sunriver.............541-a83-0367

.We

Deschutes .........541-617-7820 Crook ................541-a83-0367 Jefferson ..........541-383-0367

state projects....541-410-9207 D.c.....................202-662-7456 Joe Kline i The Bulletin

Veterinarian Dr. Jeff Cooney demonstrates how to handle and transport a sick or injured raptor with assistance from the Sunriver Nature Center's golden eagle, Aquila, during an open house for High Desert Wildlife Rescue & Rehabilitation on Saturday at its facility in Bend.

By Scott Hammers

said, and, particularly deer,

celebrating the center's one-

The Bulletin

which often wander a great

year anniversary and shared a few tips for living alongside wildlife. Cooney, a veterinarian, and Bonomo, a veterinary

igh Desert Wildlife Rescue & Rehabilita-

H Cooney has one overarching tion founder Dr. Jeff

rule when it comes to rescuing injured or abandoned animals — go slow. Spring is baby animal season in Central Oregon,

Cooney said, and it's important to remember seemingly abandoned animals aren't

always as helpless as they appear. Mothers will often return to aid baby animals, he

distance from their young in search of food. "Rescuing" an animal that

doesn't need rescuing only creates problems, Cooney sard.

"How do you think the parents feel? 'My child's been abducted! '" he said. Saturday, Cooney and co-founder Jeanette Bonomo

technician, had both been do-

in the region, he and Bonomo can fill a niche working with more seriously or more recently injured animals. "We have the skills and the ability to do things that other people can't, unless they run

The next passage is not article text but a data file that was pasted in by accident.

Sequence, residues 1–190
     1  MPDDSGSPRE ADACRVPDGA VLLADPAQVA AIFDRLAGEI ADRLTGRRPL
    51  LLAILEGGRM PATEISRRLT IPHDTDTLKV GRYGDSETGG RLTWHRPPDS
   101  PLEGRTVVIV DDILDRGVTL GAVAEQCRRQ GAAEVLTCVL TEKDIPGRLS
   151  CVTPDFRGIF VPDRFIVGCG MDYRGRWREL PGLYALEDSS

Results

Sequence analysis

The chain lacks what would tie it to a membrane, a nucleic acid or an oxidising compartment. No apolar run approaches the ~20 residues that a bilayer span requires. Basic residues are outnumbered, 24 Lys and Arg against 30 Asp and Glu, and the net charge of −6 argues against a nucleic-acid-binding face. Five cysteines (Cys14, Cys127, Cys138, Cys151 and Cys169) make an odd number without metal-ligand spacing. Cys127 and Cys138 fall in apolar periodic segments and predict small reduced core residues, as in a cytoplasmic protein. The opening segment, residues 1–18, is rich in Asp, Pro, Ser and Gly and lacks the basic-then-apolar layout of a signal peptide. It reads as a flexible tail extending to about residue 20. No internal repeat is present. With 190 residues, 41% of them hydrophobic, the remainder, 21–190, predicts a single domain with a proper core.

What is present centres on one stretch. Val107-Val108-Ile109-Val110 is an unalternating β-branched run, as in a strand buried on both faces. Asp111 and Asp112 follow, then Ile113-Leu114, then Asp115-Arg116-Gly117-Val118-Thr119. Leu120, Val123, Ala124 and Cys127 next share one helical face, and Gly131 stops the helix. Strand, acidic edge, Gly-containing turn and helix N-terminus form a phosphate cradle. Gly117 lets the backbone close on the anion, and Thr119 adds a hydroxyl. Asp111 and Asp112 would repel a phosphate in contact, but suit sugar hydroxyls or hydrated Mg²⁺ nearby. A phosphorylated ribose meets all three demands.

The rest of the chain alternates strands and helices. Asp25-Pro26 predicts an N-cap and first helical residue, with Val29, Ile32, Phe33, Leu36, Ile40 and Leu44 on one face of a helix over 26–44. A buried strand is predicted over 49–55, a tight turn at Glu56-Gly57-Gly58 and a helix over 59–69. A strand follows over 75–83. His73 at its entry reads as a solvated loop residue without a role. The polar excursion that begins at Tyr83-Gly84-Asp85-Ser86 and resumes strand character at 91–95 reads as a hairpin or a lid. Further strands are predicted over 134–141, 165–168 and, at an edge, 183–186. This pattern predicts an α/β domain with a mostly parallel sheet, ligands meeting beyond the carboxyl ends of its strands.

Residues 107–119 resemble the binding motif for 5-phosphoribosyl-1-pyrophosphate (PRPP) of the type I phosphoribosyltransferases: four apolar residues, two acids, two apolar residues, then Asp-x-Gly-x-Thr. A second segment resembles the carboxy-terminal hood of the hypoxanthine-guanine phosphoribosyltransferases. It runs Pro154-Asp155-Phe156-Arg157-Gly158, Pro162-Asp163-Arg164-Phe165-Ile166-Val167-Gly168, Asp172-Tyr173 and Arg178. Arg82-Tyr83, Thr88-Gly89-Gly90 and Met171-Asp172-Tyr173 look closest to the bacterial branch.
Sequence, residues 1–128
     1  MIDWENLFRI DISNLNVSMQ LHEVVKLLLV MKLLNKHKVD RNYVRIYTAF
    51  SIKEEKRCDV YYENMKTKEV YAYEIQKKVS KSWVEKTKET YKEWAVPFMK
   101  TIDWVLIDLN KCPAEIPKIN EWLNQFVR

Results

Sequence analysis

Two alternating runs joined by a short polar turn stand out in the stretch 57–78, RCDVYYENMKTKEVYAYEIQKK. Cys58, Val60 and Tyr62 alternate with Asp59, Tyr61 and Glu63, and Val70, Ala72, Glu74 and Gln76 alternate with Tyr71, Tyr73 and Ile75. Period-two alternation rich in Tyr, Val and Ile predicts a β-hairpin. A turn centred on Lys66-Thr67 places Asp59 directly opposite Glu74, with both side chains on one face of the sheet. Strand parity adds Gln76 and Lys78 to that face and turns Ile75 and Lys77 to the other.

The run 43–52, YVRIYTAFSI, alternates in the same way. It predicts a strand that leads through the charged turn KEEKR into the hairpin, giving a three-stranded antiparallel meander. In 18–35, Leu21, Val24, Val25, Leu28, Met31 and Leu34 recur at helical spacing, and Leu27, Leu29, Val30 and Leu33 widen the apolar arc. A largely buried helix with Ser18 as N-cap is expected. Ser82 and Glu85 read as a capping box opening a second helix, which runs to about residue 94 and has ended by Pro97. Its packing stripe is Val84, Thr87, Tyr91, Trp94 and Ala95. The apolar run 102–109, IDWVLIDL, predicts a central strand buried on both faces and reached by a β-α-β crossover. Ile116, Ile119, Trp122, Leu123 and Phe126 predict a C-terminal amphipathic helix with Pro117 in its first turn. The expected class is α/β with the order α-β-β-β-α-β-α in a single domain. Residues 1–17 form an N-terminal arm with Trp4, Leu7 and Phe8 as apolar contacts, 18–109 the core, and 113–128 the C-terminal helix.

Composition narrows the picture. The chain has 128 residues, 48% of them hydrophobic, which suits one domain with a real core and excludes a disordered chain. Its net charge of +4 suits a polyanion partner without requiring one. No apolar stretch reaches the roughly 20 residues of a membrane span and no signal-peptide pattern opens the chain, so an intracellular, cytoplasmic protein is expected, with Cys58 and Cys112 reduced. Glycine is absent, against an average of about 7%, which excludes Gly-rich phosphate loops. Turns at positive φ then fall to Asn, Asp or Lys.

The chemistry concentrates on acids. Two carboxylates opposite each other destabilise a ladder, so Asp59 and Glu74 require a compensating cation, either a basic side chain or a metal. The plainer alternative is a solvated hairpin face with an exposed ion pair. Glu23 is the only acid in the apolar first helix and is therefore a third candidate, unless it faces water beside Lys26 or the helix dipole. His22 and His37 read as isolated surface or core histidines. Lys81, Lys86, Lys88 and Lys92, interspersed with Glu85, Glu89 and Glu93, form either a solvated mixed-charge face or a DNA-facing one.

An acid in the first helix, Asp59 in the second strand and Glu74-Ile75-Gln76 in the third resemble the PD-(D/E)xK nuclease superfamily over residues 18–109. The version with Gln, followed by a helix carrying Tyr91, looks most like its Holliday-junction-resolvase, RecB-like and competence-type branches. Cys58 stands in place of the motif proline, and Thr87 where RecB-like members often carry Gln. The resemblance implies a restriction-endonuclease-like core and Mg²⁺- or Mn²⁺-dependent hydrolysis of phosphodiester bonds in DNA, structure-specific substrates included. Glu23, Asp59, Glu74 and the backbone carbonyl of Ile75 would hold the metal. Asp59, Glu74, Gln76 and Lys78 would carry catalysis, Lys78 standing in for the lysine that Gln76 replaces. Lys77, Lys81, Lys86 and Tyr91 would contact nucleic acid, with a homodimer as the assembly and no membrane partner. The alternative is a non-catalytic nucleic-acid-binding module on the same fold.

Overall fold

ing some rescue and rehabil-

the animal to a veterinarian,"

itation work out of their own

he said.

homes, Cooney said. Early last year, a donor offered them the use of the ranch, the

center has treated hundreds

ranch house and a handful of

invited the public to an open small barns on the property. house at the 4-acre ranch east Cooney said although there of Bend that serves as their

are several wild animal res-

headquarters. They were

cue and rehabilitation centers

Over its first year, the of animals, intern Sarah

Buchanan said, from baby skunks and squirrels and rabbits to birds of prey to

reptiles. SeeAnimals/B2

Business ........... 541-383-0360 Education ......... 541-633-2160 Health................541-383-0304 Public lands....... 541-617-7812 Public safety .....541-383-0376

Submissions • Letters and opinions: Mail:My Nickei's Worth or In My View P.o. Box6020 Bend, OR97708 Details on theEditorials page inside. Contact: 541-3830358, bulletin@bendbulletin. Com